When is a religious entity permitted to dodge the letter of the law with respect to pensions? Most of the time, according to traditional interpretations of those laws.
That status has long frustrated plaintiffs’ attorneys, because it has provided cover to religiously affiliated hospitals and other “businesses” whose plans don’t meet ERISA standards.
Pension shortfalls at some religiously affiliated hospitals, businesses and social service agencies are raising new alarms and spotlighting a largely overlooked gap in the law protecting Americans' retirement benefits. Congress set up the exemption in benefits law to protect churches from government interference in their finances.
Now, however, the plaintiffs’ lawyers may have found a federal judge willing to crack open those protections.
As detailed on the website of the Groom Law Group of Washington, D.C., the fight stemmed from efforts to limit the definition of the term “church plan” to actual churches and not their related hospitals, schools, thrift shops and other entities “maintained” by the church. The result of such protection: underfunded pension plans maintained by church-related organizations.
Of course, the underfunded plans give these entities a competitive advantage compared to non-religious schools and hospitals that have to follow the ERISA law. (The question of whether an underfunded plan is also a competitive disadvantage in attracting quality employees is not addressed in the discussion.) More to the point for the plaintiffs’ lawyers, hundreds of thousands of employees of these entities could be owed back pension contributions if the definition were narrowed.
With visions of multibillion-dollar class action awards swimming before them, five plaintiffs’ attorneys sued in different venues last year, hoping to come up with a favorable ruling.
They got it in Rollins v. Dignity Health, with Judge Thelton Henderson in the Northern District of California issuing the ruling in mid-December.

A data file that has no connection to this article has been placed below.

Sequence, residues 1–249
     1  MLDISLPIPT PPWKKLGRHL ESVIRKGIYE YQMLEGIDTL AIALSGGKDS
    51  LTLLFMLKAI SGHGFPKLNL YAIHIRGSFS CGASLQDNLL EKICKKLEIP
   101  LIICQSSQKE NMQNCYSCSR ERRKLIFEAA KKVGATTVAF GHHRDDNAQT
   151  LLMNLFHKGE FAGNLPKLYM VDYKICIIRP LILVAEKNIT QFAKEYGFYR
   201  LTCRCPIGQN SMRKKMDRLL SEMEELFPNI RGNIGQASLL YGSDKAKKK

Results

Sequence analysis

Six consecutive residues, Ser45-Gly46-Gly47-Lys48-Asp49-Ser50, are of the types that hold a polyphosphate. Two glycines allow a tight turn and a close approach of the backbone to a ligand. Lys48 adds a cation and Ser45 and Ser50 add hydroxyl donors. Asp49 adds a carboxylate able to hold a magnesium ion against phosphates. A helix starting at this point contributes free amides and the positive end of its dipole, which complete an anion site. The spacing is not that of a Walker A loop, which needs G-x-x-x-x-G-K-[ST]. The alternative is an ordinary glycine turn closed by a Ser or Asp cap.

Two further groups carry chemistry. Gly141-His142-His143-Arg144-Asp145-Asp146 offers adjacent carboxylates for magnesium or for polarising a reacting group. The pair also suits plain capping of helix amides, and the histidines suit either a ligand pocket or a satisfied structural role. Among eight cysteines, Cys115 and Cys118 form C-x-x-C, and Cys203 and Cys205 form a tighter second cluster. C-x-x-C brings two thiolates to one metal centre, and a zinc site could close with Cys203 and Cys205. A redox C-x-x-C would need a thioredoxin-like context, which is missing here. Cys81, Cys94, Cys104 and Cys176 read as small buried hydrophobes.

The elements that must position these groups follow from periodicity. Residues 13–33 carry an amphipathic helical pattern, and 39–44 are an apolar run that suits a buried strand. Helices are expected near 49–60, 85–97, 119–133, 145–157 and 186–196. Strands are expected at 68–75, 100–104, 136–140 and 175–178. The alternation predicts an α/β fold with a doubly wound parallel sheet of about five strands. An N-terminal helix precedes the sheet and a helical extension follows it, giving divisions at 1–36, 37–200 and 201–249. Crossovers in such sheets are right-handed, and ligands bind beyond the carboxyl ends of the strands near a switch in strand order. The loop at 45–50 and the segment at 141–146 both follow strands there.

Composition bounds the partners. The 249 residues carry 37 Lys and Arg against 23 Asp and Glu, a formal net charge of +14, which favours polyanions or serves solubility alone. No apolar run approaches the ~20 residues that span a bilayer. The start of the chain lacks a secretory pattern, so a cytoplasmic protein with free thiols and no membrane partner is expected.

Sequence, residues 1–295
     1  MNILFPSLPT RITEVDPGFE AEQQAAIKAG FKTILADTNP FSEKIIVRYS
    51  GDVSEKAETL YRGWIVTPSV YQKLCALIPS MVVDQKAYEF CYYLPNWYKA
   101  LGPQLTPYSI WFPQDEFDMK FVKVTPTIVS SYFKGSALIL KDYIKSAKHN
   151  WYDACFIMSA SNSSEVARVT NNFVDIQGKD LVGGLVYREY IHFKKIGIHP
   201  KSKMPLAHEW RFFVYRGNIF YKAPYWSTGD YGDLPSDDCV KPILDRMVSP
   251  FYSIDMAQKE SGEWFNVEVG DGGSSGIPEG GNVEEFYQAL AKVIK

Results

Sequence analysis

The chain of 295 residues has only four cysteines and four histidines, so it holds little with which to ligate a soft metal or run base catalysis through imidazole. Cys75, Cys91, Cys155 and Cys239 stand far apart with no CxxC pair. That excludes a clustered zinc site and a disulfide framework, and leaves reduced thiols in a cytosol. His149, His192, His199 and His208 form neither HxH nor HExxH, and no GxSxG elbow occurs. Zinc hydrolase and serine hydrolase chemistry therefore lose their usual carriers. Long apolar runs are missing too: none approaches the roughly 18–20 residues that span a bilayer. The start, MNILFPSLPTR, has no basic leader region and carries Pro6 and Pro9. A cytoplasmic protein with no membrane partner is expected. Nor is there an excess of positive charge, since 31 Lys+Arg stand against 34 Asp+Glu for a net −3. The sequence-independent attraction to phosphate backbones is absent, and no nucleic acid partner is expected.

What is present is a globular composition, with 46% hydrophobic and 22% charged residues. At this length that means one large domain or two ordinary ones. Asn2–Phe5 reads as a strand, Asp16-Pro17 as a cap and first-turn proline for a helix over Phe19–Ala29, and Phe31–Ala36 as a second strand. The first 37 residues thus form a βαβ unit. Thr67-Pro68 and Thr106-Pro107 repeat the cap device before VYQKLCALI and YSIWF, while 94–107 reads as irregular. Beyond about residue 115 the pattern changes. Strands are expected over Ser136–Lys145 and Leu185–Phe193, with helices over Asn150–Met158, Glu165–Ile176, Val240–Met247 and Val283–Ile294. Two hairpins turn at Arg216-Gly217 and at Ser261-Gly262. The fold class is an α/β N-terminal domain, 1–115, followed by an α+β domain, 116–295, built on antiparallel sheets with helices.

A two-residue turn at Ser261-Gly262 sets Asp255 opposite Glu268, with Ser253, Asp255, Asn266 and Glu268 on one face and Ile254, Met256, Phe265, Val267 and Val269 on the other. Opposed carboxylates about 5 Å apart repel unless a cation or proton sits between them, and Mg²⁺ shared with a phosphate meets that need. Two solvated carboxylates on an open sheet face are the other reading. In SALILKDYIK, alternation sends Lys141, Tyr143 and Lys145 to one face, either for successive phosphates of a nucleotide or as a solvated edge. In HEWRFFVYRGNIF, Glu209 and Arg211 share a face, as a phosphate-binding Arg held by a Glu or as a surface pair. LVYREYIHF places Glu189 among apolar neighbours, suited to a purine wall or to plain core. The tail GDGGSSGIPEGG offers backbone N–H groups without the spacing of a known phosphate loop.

Thelton essentially gave the plaintiffs’ bar what it wanted. While acknowledging that pretty much every previous decision had gone the other way, he said that, from a “plain reading” of the religious ERISA exception, the earlier opinions missed the point.
They had assumed that if a church established and maintained a protected plan, that plan could be extended to any related entities. Thelton said no way — once the plan leaves the sanctity of the church, it has to meet full ERISA standards.
Groom Law Group opines that this is but one isolated opinion, flying in the face of hundreds supporting the exception. Certainly, it will be appealed. In addition, Groom hints at a legislative solution to tighten up the protections so that the related entities will be fully covered once and for all. “There may be an opportunity to mobilize supporting in Congress to clear up any ambiguity resulting from Rollins by amending the definition of church plan,” the firm wrote.
But, it added, many dire consequences lie in store for these entities should Rollins prevail on appeal. We’re talking Department of Labor fines, massive IRS penalties, and even determining where a protected plan begins and ends.
“The income tax consequences in particular may present a problem” because “many church plans will not have met the Internal Revenue Code qualification requirement applicable to non-church plans,” Groom says.
It advises those possibly affected by the decision to carefully monitor the situation.